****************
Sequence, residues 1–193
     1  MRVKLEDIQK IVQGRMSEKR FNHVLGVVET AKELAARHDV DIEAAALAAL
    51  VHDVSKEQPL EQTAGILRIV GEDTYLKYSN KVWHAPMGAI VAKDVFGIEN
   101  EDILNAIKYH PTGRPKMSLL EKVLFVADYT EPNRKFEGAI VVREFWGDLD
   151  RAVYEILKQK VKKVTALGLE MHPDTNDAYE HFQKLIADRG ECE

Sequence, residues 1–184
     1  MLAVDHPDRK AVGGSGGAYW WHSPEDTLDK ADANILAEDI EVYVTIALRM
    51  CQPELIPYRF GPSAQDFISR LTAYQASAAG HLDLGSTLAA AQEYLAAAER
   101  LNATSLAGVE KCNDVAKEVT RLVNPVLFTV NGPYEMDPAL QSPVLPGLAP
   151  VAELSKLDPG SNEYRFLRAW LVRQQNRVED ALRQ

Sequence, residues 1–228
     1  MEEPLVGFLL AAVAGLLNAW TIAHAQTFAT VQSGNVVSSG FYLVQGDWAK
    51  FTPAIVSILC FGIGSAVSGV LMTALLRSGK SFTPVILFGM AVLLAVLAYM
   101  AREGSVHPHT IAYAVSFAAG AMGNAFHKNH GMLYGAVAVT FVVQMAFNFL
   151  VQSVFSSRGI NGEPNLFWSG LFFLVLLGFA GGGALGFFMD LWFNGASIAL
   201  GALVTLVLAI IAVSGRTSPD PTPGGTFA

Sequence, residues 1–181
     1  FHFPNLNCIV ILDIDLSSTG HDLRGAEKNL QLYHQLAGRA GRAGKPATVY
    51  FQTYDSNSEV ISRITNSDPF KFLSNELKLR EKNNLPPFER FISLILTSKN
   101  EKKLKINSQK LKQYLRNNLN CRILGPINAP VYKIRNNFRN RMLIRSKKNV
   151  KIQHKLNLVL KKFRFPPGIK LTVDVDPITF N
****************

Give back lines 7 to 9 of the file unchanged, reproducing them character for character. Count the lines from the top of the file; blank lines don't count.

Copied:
     1  MLAVDHPDRK AVGGSGGAYW WHSPEDTLDK ADANILAEDI EVYVTIALRM
    51  CQPELIPYRF GPSAQDFISR LTAYQASAAG HLDLGSTLAA AQEYLAAAER
   101  LNATSLAGVE KCNDVAKEVT RLVNPVLFTV NGPYEMDPAL QSPVLPGLAP